The day I gave birth for the first time, my oldest child emerged into the room, into the world, and into my arms, pink and blonde and perfect. “It’s a girl!” the doctor announced somewhere beyond my haze of shock and exhaustion. “You have a girl.” My husband and I gave our brand new baby the sweetest name we could imagine and got down to the business of becoming a family. With every bath, every bottle, and every entry into the pastel pink baby book, we cemented our identities as parents – parents of a daughter. Before too long we brought home another beautiful baby, dark and determined, and this time we understood our identities as parents – parents of daughters.
Fast-forward through childhoods marked by all of the typical milestones. At every turn, my children amazed me and I embraced my identity as a mother of daughters. Did I know what I was doing? Sometimes. Did I have fears and doubts? Daily. Did I (and do I) love my kids without question or hesitation? Yes. And then something changed. My beautiful, strong, funny first-born began to change. At first there were anguished and angry refusals around clothing choices, and in time, my once amiable first-born became withdrawn, insular, moody, and sad, eventually refusing to acknowledge the sex assigned at birth with anything other than ambivalence. I began to question whether I really was the mother of daughters.
Anxiety and intuition brought me to a place where I instinctively knew I belonged but where I wasn’t sure that I was ready to settle down. I was not the mother of two daughters.
My son, that perfect pink bundle the doctors assigned female at birth and whom I raised as my “daughter” for 18 years, came out as transgender in October of 2013; he identifies as male and uses he/him/his pronouns. By that time he had gone off to college and found a community of peers and role models – something that I had desperately wished for. Alongside the flood of relief that I felt that my son was finding his way, I was shocked to find myself wrapped in anxiety, grief, and isolation. I questioned my capacity to adapt, and I struggled to understand my fear. Lots of processing, lots of learning, lots of growth, and lots of reliance on community have helped me to continue to adapt every day.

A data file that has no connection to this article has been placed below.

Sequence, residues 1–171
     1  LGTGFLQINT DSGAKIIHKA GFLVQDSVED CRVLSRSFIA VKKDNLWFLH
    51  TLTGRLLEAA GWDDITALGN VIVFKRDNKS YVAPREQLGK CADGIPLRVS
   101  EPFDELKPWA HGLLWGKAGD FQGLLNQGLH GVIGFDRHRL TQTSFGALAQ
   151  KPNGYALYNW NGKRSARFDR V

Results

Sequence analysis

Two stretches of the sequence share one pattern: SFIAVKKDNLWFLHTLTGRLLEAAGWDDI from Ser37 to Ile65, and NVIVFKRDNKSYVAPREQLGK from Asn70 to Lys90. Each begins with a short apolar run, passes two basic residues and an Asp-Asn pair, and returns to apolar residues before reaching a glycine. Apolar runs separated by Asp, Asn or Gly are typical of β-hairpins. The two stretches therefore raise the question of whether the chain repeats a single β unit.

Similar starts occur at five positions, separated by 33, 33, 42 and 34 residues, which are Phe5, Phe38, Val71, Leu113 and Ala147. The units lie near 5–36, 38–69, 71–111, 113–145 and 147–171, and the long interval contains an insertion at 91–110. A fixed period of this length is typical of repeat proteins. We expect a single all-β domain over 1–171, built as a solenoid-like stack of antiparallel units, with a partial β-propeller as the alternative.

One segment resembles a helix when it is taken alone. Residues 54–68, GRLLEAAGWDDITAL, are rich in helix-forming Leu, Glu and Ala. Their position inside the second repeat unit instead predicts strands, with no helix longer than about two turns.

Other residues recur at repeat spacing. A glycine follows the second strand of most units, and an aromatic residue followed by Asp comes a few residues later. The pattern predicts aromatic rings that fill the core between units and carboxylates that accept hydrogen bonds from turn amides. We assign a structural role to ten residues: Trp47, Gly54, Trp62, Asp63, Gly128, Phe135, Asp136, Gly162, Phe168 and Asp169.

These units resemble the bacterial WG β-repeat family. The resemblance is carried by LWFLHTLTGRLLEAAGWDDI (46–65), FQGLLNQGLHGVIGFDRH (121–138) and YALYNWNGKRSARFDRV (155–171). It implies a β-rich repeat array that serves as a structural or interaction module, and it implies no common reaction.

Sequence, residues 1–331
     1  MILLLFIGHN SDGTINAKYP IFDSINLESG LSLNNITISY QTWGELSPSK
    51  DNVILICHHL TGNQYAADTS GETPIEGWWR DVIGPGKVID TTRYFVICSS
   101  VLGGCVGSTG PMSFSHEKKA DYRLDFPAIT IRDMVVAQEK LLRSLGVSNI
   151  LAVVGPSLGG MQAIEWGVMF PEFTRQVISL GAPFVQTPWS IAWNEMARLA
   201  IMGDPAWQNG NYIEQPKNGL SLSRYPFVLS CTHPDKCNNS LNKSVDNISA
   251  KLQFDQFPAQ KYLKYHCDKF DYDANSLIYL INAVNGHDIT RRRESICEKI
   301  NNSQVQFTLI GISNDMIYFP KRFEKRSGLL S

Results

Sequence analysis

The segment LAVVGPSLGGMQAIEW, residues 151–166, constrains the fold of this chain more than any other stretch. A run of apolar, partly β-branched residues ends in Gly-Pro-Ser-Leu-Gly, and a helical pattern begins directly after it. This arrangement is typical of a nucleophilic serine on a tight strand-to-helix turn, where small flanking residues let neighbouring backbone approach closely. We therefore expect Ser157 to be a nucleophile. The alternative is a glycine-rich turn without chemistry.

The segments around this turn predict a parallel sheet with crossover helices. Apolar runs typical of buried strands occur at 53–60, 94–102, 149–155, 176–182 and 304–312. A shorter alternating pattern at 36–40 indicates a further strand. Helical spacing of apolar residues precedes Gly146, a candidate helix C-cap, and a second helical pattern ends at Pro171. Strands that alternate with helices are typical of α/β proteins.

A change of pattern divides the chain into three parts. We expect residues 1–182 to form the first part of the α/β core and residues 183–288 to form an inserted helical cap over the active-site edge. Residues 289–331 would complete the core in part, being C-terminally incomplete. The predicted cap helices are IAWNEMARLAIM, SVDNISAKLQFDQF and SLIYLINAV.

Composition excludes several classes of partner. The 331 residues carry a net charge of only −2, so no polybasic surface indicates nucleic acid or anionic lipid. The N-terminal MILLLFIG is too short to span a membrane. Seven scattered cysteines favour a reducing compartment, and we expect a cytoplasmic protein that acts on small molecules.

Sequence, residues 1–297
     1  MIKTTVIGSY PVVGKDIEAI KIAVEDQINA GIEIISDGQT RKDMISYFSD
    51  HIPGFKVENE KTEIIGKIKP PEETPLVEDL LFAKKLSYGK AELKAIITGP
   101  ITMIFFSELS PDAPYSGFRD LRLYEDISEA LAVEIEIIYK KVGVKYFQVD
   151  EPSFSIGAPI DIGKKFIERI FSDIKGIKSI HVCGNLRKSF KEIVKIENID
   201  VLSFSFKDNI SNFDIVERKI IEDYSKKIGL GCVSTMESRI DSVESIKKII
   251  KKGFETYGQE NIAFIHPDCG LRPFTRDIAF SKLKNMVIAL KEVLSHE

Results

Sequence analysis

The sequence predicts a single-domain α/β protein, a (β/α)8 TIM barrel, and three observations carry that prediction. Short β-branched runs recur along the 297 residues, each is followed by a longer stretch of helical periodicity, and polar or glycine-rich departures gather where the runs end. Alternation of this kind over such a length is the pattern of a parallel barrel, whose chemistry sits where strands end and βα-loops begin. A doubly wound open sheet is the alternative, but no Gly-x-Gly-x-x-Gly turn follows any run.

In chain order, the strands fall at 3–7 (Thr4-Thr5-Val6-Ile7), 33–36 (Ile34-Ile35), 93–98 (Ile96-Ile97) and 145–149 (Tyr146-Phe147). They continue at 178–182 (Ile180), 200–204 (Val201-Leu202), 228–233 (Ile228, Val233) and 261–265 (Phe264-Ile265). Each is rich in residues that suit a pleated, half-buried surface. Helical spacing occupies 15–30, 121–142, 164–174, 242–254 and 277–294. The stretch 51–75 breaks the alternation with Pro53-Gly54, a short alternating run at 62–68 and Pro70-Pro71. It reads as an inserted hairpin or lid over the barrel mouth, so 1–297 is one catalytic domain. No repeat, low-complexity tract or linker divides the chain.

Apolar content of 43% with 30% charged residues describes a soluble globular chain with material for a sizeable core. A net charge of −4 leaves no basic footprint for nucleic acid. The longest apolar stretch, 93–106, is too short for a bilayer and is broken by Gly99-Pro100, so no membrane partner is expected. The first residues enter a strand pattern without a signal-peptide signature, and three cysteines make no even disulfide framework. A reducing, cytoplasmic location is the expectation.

One of the most important lessons that I’ve learned on this journey is about the concept of binaries. “Binary” is an adjective that describes a system wherein there are only two categories, like good and evil, hot and cold, day and night, male and female. We live in a society full of binaries, and we may never stop to question or challenge them.
That day in the delivery room when the doctor announced “It’s a girl,” he was ascribing to a binary notion of gender based on my newborn’s visible physical anatomy. Because my husband and I had never thought of gender as anything other than a fixed binary, we accepted the idea that visible physical anatomy necessarily determines gender identity. We were wrong. The fact that gender identity is in the brain and is determined by one’s own personal sense of whether they feel male, female, some combination of both, or neither, is borne out by my son and every individual who identifies as transgender, non-binary, gender fluid, and agender. This may be a new concept for some, but that doesn’t make it any less true.
The tricky thing about binaries is that they completely ignore the infinite and beautiful possibilities that exist between the extremes. This is true when we attach binaries to just about everything, including our loved ones and the concept of gender. My family is living proof. My son came out five years ago, and in that time I’ve gotten to know my child all over again – the spectacular man he is becoming and the impish little kid he used to be – and I am still his mother.